So, you remember where we left off yesterday in part 1? Tina and Jay got rained on. Poor Jay. He never saw Tina coming.
“Want to come in?” We were both soaked. My tee shirt clung to me. From experience, I knew it was in all the right places.
“No. Thanks. I’m just going to–” I waved vacantly at the house next door knowing he would invite me again and wiped the rain from my eyes. I needed to play the good girl and be a tough sell.
“Oh, okay.” He bounded up his steps and shook his head so the water flew from his hair just like a dog. “Maybe we can run again tomorrow?”
The disappointment! This was not how the scene was supposed to play out. I tried to keep a straight face. I had to play the hand I called. “Sure! Sounds like a plan.”
I noted that I said plan, not date, as I turned toward my porch. That may have been a miscalculation.
“I have a couple steaks in the fridge…”
Ah. Game on. I spun on one foot and cocked my head to imitate his. A lightning bolt lit up the sky the thunder rolling down the block and echoing between our houses. Play hard to get, I reminded myself. “I don’t know. Just had a hotdog.”
“We can put a movie on while this storms blows over? Eat after?”
The air conditioning was on full blast and I got goosebumps everywhere. I glanced down. Ugh! I crossed my arms and rubbed them vigorously to warm up. Jay kept sneaking peaks but I pretended not to notice. I looked around the room. A couple of boxes sat by the door. I could see a picture in one of them. Dogs. Not the cute kind playing cards. To dogs in a fierce fight, their eyes angry, their jaws snapping and lips dawn back in a fierce growl. Blood was on both muzzles and between their teeth. I shuddered. Jay caught me staring at the picture and flipped the lid shut. He pushed the box out of the way of the living room and waved at the couch.
“I think I will get going. I could use a shower and I don’t want to wake your Eskimos.”
“My Eskimos?” He was frowning at me. His head-tipping was a thing, not an imitation of me like I thought earlier.
“Sub-zero temp in here gave it away.”
He flinched. “Oh! Sorry! I work out a lot.” He picked up a tablet by the couch and swiped and tapped and ignored my comment about needing a shower. “Should warm up in a few minutes. What do you like to watch?”
I shrugged. “Psychological thrillers?”
“Like…” He tapped on the tablet again. “Basic Instinct?”
“Never seen it,” I lied. “Is it good?”
“You’ve never seen it?”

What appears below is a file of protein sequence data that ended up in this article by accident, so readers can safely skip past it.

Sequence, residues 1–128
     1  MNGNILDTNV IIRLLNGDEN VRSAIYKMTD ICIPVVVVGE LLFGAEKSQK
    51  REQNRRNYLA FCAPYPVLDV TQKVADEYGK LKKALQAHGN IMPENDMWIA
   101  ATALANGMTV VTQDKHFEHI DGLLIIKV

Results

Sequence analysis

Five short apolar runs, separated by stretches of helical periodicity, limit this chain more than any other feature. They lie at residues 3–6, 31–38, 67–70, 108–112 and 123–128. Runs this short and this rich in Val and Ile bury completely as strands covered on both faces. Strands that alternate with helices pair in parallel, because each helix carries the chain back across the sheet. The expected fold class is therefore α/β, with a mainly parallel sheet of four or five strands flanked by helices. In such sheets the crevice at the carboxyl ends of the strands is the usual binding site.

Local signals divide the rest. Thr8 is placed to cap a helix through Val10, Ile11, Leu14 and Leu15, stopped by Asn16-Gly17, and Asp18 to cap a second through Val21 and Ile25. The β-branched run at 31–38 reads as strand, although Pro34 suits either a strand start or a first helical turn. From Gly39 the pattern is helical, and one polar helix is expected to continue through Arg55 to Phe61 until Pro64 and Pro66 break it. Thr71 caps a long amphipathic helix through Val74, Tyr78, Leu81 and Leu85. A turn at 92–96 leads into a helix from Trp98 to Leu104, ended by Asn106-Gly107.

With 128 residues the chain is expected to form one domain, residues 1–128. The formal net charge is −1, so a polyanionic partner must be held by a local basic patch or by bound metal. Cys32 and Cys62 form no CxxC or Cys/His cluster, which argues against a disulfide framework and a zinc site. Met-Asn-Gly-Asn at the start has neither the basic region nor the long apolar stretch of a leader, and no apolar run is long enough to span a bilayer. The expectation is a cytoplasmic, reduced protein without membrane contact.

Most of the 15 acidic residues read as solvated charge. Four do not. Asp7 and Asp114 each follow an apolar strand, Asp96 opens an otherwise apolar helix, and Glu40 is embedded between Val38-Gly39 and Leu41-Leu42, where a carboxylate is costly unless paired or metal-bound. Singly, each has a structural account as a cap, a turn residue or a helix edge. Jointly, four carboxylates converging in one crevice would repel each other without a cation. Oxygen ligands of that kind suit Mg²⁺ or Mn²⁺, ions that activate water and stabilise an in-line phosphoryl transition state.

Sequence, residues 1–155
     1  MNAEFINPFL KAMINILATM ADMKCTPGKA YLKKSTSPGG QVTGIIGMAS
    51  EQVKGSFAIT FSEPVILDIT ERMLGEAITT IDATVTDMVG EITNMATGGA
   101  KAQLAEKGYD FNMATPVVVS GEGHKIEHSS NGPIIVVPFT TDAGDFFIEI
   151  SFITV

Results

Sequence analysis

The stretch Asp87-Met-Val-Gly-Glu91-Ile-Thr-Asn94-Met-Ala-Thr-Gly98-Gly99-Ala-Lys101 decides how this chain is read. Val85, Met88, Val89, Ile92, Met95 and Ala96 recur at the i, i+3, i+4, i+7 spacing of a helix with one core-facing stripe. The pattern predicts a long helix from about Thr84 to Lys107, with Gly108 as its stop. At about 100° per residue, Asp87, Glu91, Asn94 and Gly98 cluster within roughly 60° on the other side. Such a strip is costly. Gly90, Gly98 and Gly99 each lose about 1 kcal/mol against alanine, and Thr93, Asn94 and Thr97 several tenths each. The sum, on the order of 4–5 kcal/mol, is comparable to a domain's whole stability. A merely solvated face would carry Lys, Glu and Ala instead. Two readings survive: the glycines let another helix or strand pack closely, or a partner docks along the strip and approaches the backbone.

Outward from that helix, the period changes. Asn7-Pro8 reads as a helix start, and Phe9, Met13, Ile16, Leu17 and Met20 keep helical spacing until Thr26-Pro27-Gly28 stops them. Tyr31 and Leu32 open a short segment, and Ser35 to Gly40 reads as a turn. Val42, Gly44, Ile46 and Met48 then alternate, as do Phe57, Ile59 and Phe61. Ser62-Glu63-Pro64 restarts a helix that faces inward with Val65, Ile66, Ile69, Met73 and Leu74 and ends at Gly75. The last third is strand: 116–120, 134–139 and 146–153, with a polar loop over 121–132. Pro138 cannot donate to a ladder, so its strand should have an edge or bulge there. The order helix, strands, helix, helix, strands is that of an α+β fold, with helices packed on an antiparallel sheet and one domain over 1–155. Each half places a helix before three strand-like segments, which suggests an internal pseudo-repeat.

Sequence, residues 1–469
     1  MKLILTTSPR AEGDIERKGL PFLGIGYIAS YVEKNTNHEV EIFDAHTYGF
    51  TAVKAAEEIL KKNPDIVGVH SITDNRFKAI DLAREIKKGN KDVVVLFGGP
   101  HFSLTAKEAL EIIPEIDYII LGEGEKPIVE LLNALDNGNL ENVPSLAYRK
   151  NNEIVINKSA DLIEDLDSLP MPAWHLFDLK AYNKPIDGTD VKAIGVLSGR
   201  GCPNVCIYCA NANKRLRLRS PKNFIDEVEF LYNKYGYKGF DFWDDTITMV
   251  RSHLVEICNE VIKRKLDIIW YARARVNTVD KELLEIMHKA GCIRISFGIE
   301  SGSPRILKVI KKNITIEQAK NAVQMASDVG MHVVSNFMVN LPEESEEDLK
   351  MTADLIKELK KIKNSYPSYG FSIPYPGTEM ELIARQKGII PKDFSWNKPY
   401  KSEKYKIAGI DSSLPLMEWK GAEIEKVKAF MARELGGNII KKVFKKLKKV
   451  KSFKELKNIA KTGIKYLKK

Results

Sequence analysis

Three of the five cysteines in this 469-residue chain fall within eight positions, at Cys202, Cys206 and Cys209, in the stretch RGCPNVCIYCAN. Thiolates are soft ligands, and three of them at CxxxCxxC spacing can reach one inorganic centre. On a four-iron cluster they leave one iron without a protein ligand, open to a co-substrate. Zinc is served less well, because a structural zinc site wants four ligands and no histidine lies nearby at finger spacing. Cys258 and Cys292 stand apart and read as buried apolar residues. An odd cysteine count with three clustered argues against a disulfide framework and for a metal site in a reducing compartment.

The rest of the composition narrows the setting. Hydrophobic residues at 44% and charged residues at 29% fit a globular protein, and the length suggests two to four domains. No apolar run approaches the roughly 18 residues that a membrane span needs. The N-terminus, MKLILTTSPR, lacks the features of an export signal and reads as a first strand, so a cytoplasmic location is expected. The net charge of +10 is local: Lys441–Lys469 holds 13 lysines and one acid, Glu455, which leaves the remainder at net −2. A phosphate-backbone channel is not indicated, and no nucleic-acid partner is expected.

“Huh-uh. Don’t think so.” I had seen in a million times. I had studied it. Memorized whole scenes.
The picture over the fireplace mantel turned on. I hadn’t realized it was a television. Fancy. I shivered again. Wasn’t the cold this time.
“How about this. You can take a shower here. Get warmed up on the inside. I’ll start a fire in the fireplace so it will be nice and cozy in here when you get out.”
“I don’t know…” Hard to get.
“You can trust me.” No kidding?
“Um…It does sound nice.” Slow. Easy.
“Right in here.” He led me down the hall. I could see the kitchen at the end but he swung a door open to a white room. Everything was white. Bedspread, writing desk, dresser, curtains. Everything but a single picture on the wall that the bed faced. The picture was a swirl of blues; aqua, sapphire, navy, azure, cornflower. I loved it. I wanted it. “The bathroom is right through the door there.”
“Thanks.” I stood awkwardly on one foot waiting for him to leave. I pulled the door shut behind him and I stood wondering if he hovered just on the other side. The floors didn’t creak in his house so it was hard to guess. After a count of ten, I moved quickly and to the dresser and silently slid it away from the wall. Lightning lit the room and three beats later thunder shook the house. The storm was closing in. I needed to hurry.
Taped to the back of the dresser was a Maxim 9. I peeled the tape away from the gun and admired it. It looked like something from Bladerunner with its wide flat barrel and flat black finish. The built in suppressor gave the 9 mm a distinct look. I dropped the magazine out of it. Fifteen rounds. I’d only need one.
I sprinted to the bathroom and cranked the shower on. Everything in this room was white too, including a fuzzy robe on the back of the door. I lifted it from the hook and dropped the pistol into a pocket. Ten minutes later I was walking out of the guest bedroom wrapped in the robe. It was a shame really.
Read part 3.